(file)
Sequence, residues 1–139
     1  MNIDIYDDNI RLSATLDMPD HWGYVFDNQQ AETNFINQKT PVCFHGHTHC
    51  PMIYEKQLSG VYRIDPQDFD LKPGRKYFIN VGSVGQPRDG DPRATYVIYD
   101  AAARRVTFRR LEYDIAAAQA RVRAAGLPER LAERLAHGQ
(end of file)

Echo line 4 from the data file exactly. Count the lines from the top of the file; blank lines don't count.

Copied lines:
   101  AAARRVTFRR LEYDIAAAQA RVRAAGLPER LAERLAHGQ